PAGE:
It’s been a big day for ebook news. (more…)
It’s been a big day for ebook news. (more…)
December 4, 2011
February 23, 2011
Last evening I wrote to a colleague who runs a regional association of trade book publishers. I thought I would share the letter:
I thought of you when I read this just now in today’s Wall Street Journal:
I think it’s a very good article just because it presents the unvarnished truth about ebooks in American libraries today. The author, Katherine Boehret, is wide-eyed and open-minded and just checking what’s out there. Several things trouble her:
I’ve found an additional challenge not discussed in the article. Patrons need to go through a wide variety of disparate digital portals to get at ebooks. In my local library the current number of portals for Ebooks & Downloadable Audiobooks is 14! Right now the library catalog doesn’t help much in navigating around these (although they’re trying to build a new online catalog), and if I found separate registration networks for each, then aaargh (eventually there will be one point of access, but…).
This is the big worry that I mentioned at our lunch a couple of weeks ago. Libraries are being marginalized by the shift to ebooks because their existing infrastructure doesn’t enable ebook lending. They’re receiving only tepid support from publishers, none from authors, and none from Amazon. The email I showed you that I’d received from the Massachusetts librarian demonstrated his efforts to prove that publishers and authors benefit from having their books available in libraries. That’s important for publishers and authors to realize. Amazon would I think be thrilled if public libraries failed in lending ebooks, not because they’re worried about theft (OverDrive, ebrary et al, protect their ebooks with more robust DRM than Amazon does). Amazon wants to sell ebooks in volume at low retail prices to the broad public, not just single copies that public libraries can lend multiple times.
I believe that publishers and Amazon are content to take advantage of this ebook confusion to undermine the public library system.
When you read Mike Shatzkin’s recent post about the rapidly increasing sales of ebooks (and the commensurate decline of paper book sales) you can see a fierce storm cloud forming.
Meanwhile 8 of the 20 top paid Kindle books in the U.S. are .99, $1.99 or $2.99.
If you look to the right of those inexpensive Kindle ebooks you’ll see another column demonstrating how many free ebooks are available. Who needs to engage in the fruitless frustration of trying to borrow ebooks from a public library when there is such a variety of free titles available, and many more for $2.99 or less?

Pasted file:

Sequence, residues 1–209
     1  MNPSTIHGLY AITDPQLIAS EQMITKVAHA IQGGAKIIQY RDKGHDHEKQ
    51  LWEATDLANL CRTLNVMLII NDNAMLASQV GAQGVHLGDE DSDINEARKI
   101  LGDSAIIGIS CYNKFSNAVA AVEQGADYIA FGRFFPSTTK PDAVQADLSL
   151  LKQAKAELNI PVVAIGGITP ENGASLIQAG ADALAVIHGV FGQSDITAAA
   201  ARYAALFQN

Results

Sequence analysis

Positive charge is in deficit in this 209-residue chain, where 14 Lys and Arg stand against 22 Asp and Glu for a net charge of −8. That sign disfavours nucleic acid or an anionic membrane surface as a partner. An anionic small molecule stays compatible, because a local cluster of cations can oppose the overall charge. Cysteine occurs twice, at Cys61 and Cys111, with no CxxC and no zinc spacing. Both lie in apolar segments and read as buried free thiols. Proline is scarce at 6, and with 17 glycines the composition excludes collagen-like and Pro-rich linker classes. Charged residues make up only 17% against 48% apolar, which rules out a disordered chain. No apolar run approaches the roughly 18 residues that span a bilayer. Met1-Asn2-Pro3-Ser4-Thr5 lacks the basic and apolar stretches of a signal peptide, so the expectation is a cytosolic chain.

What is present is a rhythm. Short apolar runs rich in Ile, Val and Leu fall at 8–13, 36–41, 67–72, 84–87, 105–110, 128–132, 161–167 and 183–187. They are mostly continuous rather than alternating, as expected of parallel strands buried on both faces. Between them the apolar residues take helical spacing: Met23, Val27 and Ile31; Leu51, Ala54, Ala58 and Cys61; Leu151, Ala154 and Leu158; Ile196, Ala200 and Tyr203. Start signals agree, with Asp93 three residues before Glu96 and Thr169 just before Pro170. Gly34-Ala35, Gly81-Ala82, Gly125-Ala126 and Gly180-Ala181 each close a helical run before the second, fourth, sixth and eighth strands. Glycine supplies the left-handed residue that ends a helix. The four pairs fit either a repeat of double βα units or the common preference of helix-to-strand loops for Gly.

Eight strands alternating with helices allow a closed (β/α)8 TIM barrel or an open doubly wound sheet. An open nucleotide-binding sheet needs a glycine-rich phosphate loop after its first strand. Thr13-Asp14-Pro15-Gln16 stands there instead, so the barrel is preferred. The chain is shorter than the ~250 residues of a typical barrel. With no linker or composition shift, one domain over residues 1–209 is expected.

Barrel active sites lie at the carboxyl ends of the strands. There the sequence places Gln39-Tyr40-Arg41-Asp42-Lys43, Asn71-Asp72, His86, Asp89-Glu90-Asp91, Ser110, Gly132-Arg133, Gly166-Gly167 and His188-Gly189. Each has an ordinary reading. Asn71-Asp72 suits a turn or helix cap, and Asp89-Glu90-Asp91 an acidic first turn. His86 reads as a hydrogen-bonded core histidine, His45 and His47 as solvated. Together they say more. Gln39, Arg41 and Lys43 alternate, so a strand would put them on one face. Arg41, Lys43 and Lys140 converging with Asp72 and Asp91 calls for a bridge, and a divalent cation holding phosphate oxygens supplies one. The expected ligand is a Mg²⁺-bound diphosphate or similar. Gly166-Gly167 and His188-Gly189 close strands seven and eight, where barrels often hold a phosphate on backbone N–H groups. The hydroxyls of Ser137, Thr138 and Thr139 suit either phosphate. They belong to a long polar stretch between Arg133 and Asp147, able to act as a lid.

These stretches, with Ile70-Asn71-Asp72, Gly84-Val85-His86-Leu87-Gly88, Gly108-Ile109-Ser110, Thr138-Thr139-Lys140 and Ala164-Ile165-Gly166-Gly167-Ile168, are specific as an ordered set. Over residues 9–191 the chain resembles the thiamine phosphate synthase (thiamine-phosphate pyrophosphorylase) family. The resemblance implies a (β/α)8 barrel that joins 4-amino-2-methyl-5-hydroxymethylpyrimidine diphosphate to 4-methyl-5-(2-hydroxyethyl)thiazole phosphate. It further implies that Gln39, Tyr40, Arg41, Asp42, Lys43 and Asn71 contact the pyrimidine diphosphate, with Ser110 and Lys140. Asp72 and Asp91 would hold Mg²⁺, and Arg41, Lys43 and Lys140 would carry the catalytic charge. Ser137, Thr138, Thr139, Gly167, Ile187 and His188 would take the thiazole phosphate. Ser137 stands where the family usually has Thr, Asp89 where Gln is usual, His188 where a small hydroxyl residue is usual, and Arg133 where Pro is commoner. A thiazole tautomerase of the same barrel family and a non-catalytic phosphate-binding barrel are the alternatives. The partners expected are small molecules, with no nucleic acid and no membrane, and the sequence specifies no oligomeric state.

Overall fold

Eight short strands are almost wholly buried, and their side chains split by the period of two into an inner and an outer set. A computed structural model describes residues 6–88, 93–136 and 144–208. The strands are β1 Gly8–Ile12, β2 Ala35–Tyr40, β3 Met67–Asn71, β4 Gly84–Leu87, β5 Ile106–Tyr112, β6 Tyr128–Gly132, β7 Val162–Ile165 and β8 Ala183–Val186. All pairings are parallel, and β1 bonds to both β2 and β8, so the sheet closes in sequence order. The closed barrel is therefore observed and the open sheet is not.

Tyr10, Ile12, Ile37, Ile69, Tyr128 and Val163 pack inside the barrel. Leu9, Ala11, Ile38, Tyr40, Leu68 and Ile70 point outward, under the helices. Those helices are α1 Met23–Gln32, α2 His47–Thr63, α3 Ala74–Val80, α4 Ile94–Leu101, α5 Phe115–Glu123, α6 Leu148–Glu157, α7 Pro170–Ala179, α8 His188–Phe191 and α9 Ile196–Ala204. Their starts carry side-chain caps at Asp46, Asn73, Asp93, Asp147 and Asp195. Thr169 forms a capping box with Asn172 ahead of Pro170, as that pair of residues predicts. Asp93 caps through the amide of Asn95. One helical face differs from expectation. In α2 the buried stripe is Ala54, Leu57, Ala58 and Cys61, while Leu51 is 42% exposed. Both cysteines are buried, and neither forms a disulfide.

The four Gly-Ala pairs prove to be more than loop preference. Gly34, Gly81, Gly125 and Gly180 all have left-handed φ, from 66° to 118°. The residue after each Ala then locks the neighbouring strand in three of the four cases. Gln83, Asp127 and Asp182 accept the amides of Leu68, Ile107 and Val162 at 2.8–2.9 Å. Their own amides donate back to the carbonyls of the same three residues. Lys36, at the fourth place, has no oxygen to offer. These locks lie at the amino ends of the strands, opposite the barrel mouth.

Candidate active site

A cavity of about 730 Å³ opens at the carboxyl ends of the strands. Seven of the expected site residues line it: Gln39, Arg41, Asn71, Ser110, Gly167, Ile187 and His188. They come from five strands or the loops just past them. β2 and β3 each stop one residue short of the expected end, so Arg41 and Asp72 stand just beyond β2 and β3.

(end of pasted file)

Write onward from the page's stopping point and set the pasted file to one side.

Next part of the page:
A Google search on Amazon AND “public libraries” delivered links to several books about libraries for sale on Amazon. It also delivered the pages the next images are clipped from.
Added February 27: If you don’t think publishers will be happy to see ebooks kill public libraries read: HarperCollins Puts 26 Loan Cap on Ebook Circulations
In the first significant revision to lending terms for ebook circulation, HarperCollins has announced that new titles licensed from library ebook vendors will be able to circulate only 26 times before the license expires.
Good commentary here:
Update, April 20, 2011
October 17, 2010
I’ve been thinking a lot about libraries.
To think about the library of the future you must start with an appreciation of libraries today. That appreciation must be derived from being an active customer of libraries — you don’t qualify if you don’t regularly borrow books and other physical (analog) materials. You also don’t qualify if you fail to take advantage of the great online services from your local public library and every other library you have access to (1).
Copyright 2010 by Thad McIlroy
So this is not an insider’s look at the library of the future and not necessarily the view a librarian might have. I’ll be considering librarians’ perspectives: I respect them a great deal. But just as active readers are often more interesting than publishers when considering the future of publishing, so too are active library users uniquely qualified to consider what they want from their libraries next year or a decade from now.
I’m not interested here in armchair theorists who last used a library when they were 12 years old. Libraries are living, breathing, changing organisms in the future of publishing ecosphere. We must live among the living.
OK. So you’re a civilian, not a library soldier. You care about the future of libraries because you care about culture and/or entertainment, education and community. You care because you know that libraries have always been a place to go to try to understand the complex world that you find yourself a part of. You care because you marvel that somewhere, some time, we deemed that the commons would include resources in published form (2).